Fava Bean Flour

  • 1 cup weight = 132 grams
  • High protein flour, less bitter than garbanzo. The tough skin of the beans is removed and the dried bean is milled, producing fine flour that is often used for gluten-free cooking and baking.
  • Works well with foods, such as breads, pizza and spice cakes. Try mixing with tapioca flour, cornstarch and sorghum flour for a hearty, nutritious blend that lends structure and texture to your baking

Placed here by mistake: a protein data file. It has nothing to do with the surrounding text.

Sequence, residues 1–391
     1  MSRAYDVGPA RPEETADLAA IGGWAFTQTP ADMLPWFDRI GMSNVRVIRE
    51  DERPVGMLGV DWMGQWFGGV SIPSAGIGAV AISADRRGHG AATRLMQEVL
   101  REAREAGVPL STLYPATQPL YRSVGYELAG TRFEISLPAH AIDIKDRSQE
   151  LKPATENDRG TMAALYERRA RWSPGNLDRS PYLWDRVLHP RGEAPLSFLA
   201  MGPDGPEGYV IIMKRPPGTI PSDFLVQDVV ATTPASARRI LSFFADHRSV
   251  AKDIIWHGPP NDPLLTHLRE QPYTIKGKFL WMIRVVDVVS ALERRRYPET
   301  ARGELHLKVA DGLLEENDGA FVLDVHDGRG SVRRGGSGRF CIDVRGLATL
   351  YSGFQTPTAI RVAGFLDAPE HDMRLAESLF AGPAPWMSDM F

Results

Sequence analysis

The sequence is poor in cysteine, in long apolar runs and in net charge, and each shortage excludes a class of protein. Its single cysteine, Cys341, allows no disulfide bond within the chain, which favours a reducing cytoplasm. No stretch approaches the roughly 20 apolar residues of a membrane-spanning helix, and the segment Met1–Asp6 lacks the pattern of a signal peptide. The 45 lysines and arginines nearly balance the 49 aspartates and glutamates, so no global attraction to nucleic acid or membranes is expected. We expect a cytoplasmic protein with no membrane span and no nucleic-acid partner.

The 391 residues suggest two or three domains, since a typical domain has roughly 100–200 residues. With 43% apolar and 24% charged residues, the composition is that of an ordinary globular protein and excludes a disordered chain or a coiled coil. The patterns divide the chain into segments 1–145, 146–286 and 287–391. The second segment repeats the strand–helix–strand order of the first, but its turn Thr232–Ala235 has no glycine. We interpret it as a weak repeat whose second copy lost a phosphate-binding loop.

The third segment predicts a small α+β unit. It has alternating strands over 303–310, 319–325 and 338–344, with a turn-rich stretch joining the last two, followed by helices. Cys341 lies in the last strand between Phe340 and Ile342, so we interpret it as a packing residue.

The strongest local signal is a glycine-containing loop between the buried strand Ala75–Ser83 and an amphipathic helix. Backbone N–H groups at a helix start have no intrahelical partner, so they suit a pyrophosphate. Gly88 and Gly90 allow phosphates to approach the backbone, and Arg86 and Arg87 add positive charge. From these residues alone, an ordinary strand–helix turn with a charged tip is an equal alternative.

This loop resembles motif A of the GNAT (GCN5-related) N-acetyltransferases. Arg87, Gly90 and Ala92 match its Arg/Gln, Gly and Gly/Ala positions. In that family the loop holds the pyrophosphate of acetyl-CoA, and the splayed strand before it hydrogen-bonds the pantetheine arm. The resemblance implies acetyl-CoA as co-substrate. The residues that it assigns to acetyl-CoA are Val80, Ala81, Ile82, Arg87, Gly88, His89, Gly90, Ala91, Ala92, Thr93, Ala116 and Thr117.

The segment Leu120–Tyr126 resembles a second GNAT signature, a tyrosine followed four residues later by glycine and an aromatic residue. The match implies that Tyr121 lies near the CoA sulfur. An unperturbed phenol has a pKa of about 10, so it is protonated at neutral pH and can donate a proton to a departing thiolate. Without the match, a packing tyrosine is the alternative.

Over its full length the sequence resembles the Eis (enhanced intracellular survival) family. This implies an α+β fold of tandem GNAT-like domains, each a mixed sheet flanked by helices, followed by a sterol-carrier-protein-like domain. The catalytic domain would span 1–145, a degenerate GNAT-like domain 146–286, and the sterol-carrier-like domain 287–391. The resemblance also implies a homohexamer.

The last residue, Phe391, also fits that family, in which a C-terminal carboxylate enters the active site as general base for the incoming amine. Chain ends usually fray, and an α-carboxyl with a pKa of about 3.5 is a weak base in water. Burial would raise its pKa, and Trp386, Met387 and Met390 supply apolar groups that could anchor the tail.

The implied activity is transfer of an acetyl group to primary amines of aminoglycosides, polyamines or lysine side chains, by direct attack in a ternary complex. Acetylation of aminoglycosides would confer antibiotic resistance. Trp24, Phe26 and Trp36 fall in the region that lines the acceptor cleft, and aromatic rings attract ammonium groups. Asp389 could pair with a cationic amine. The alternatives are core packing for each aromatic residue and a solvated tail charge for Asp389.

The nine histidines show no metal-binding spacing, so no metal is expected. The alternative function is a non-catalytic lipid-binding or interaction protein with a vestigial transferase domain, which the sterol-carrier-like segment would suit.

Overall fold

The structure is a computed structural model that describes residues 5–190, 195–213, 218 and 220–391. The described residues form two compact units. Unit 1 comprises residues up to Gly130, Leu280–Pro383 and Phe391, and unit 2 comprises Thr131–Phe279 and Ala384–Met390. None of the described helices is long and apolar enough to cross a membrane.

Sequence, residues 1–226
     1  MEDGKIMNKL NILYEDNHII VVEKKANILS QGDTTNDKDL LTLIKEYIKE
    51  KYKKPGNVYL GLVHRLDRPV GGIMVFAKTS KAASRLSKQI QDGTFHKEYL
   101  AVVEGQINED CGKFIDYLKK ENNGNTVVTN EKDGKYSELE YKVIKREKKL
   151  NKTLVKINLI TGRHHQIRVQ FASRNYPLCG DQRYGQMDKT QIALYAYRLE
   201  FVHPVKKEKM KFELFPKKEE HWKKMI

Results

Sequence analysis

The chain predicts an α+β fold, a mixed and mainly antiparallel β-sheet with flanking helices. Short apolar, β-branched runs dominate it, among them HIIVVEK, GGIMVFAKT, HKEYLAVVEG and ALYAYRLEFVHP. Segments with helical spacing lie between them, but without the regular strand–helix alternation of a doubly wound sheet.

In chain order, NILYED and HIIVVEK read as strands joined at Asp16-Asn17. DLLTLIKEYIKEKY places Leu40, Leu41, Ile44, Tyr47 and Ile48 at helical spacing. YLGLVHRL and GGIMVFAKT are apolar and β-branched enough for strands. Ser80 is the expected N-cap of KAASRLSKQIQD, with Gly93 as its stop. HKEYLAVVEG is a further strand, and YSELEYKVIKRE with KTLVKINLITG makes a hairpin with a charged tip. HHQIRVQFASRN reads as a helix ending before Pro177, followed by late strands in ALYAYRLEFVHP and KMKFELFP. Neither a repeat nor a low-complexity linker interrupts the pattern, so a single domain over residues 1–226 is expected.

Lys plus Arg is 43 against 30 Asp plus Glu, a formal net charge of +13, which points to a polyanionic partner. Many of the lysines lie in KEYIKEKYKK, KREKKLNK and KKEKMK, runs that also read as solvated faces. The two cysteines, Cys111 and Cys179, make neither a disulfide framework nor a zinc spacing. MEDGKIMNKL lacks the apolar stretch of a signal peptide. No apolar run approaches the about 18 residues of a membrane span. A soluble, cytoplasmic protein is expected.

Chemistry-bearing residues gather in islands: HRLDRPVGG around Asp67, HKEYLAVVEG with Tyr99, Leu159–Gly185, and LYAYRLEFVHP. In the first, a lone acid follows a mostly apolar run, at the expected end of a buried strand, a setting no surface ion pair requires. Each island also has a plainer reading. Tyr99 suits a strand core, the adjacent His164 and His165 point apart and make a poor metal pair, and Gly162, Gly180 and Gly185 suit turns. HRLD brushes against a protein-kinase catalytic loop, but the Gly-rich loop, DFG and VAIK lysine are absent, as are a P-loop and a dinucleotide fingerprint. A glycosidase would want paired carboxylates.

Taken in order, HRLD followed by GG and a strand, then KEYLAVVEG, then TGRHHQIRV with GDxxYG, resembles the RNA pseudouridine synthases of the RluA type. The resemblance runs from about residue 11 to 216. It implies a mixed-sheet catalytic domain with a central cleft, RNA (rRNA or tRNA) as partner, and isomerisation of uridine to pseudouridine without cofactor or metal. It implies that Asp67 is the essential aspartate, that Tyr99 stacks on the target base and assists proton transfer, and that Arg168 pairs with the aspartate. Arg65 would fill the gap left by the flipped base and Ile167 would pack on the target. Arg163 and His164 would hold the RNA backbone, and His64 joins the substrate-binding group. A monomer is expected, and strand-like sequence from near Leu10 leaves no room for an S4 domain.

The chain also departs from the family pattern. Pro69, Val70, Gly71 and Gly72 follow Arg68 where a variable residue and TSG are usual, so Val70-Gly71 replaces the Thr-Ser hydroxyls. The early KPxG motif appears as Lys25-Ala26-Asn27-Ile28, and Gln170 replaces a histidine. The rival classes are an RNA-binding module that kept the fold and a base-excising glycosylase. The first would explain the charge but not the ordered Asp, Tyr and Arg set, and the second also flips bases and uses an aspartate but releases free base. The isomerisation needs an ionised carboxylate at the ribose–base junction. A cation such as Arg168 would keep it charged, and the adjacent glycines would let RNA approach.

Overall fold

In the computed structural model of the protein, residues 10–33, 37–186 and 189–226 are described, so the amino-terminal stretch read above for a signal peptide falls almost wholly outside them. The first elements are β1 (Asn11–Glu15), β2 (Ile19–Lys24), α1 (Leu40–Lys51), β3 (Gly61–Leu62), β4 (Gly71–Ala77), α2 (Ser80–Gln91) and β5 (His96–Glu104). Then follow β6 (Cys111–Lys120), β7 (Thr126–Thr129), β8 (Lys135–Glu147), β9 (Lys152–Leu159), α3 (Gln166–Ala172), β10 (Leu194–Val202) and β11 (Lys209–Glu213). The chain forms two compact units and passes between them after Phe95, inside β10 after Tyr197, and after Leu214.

Store in: in the refrigerator or at room temperature.
How to use: add up to 30 percent of a total flour blend. A small amount (¼ to ½ cup) added to pie crust or wraps makes these items more elastic and easier to roll out.
Watch out for: certain bean flours, particularly garfava and chickpea, impart an aftertaste that some people find unpleasant. Offset the taste by using less than 30 percent in a flour blend (pairs well with sorghum) and replace the white sugar with brown sugar, maple syrup, molasses, chocolate or spices to cut the bitter taste of the beans. Bean flours are not well suited to delicately flavored goods, like sugar cookies and biscotti.
Substitution: try Garfava, Garbanzo (chickpea) or Soy flour